Characteristics and Skills of an Effective Counsellor


A counsellor should have awareness and understanding of one’s own self- it means understanding one’s own needs, feelings, personal strengths, and limitations. This would help counsellors to understand themselves sufficiently and to know exactly what they are doing, why they are doing it, which are their problems, and which problems belong to the client.

A counsellor must be in good psychological health- he or she should not be distracted by one’s own problems. Counsellors lacking psychological health, cause greater anxiety in the person who is in need of help.

It has been found that those who have greater sensitivity are able to cope better, understand the client’s verbal and non verbal messages and are also able to apply strategy for each client in a unique fashion. Sensitivity means that the counsellor is aware of the client’s strengths, limitations and coping style.

Open mindedness- in counsellors suggests freedom from fixed or preconceived ideas. Open mindedness does not mean that counsellors are amoral of their beliefs. Open mindedness counsellors are aware of their beliefs or values but are able to distinguish them from those of their clients. They do not push clients to follow a particular belief or value system.

Counsellors maintain objectivity in their dealings with the clients. It requires the counsellor to be aware of his own biases while dealing with the problems of clients. A related quality is that of genuineness. A counsellor has to be sincere and must not mislead or present facades to clients.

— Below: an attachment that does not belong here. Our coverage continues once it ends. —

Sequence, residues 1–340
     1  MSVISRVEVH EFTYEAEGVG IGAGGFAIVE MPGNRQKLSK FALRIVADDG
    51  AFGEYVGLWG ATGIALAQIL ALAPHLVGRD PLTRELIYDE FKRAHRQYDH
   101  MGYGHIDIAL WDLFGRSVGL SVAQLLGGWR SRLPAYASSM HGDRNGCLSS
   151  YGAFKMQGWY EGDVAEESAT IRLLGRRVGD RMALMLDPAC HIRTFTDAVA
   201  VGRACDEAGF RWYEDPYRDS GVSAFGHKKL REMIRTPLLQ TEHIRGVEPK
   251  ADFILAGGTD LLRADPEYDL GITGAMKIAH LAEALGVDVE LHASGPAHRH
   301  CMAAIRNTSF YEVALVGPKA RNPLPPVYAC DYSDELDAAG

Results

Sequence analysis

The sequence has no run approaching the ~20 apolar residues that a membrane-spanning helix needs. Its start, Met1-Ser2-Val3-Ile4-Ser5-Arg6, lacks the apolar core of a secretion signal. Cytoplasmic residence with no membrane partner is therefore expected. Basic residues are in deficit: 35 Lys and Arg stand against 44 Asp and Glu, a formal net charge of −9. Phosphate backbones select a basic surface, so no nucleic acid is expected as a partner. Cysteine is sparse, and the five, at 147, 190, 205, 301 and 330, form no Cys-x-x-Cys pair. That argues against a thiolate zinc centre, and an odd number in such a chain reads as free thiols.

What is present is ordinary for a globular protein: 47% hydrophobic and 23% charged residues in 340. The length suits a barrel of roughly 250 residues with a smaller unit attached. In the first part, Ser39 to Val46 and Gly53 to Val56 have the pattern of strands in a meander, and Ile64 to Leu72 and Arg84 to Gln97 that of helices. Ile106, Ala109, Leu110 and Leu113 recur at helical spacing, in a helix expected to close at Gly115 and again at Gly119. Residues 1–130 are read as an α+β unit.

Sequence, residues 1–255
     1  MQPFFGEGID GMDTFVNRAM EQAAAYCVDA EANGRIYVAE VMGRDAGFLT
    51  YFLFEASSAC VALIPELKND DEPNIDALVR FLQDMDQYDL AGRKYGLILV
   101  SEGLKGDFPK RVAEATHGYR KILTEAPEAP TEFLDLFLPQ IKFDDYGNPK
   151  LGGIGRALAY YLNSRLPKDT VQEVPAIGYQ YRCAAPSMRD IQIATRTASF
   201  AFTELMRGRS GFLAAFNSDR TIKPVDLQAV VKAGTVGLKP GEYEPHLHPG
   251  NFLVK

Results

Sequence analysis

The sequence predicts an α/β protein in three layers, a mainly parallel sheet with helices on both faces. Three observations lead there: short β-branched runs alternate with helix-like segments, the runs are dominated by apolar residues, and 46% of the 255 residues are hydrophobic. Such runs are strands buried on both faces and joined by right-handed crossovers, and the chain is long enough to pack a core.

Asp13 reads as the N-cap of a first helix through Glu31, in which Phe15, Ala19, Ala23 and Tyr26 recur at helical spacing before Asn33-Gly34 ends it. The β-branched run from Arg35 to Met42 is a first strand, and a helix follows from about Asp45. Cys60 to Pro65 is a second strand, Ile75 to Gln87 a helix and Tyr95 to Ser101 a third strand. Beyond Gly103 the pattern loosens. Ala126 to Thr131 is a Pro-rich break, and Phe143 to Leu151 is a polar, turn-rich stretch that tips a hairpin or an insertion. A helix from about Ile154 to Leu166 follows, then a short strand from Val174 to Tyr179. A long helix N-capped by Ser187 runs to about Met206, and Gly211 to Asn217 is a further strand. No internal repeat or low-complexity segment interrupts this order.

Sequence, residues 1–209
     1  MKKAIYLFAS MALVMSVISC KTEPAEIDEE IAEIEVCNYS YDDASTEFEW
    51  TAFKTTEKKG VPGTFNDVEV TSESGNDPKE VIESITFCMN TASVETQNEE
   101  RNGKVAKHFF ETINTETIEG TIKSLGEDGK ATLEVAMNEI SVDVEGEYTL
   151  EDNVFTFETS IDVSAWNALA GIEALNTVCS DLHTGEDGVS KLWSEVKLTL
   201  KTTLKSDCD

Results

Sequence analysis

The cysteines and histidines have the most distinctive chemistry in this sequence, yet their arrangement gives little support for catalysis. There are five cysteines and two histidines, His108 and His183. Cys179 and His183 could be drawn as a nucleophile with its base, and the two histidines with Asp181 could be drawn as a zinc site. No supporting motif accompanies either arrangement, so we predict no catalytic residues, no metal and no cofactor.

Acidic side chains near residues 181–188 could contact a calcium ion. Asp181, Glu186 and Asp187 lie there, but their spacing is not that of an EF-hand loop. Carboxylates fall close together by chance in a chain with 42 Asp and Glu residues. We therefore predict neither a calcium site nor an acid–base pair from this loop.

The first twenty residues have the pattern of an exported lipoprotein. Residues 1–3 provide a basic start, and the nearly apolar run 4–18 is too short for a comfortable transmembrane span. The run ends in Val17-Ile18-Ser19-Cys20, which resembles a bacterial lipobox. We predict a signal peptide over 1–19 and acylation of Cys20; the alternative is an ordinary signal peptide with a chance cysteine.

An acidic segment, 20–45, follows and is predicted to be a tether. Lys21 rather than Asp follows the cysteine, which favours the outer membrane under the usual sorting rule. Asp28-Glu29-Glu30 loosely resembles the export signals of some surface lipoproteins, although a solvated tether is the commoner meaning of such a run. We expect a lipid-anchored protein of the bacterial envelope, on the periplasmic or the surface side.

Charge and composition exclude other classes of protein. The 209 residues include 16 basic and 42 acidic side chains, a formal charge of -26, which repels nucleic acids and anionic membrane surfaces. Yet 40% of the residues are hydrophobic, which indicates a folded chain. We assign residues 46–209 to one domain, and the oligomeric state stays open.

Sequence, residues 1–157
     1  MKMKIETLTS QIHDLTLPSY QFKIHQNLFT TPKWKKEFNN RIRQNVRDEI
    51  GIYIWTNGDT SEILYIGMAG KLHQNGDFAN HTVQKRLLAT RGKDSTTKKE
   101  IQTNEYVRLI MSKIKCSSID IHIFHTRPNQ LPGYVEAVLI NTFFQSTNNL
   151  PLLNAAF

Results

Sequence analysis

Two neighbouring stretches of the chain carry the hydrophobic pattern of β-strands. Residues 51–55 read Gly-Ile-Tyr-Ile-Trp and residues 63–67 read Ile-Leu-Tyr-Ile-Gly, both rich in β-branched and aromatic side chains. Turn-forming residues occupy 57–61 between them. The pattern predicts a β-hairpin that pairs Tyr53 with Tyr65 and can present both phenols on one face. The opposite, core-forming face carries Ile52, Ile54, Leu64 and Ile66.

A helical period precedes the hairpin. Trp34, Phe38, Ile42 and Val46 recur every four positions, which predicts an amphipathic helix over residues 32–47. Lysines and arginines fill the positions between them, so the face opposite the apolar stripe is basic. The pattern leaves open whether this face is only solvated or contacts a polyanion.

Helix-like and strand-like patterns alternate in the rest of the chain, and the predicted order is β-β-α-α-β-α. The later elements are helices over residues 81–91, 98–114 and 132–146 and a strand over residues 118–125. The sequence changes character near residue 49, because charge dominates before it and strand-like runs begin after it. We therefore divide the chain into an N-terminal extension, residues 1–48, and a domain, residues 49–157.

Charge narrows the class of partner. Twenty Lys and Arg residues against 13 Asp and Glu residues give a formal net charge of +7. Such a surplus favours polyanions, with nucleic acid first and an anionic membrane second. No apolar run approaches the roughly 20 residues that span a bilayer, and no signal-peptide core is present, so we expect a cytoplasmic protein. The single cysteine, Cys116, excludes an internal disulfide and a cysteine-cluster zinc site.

The counsellor must have respect for the client. He or she must view the client as a worthwhile person and treat him/her with warmth and dignity.

The counsellor must have attentiveness. It may be verbal or non verbal. Verbal attentiveness involves what is expressed to the client and the way it is expressed. Allowing clients to complete their sentences is one way of showing verbal attentiveness. Use of short verbal encouragers like ‘ya’, i see’ etc are ways of demonstrating verbal attentiveness.

It is also important to learn to alter voice and change the volume, pitch and speed depending on the client’s reactions and situations. Non verbal attentiveness includes eye contact, head nods, facial expression, body posture and distance. These cues should be adapted according to the needs of the situation and the client.

Empathy involves sensitivity to the client’s problems and being able to see things, the way the client does. It involves perceiving and communicating. Perceiving is an intense process of active listening by the counsellor. On the other hand, in communicating the counsellor says something that tells the client that his or her meanings and feelings are understood.

Cultural sensitivity and the knowledge of cultures different from the counsellors own are important to the effective use of empathy.


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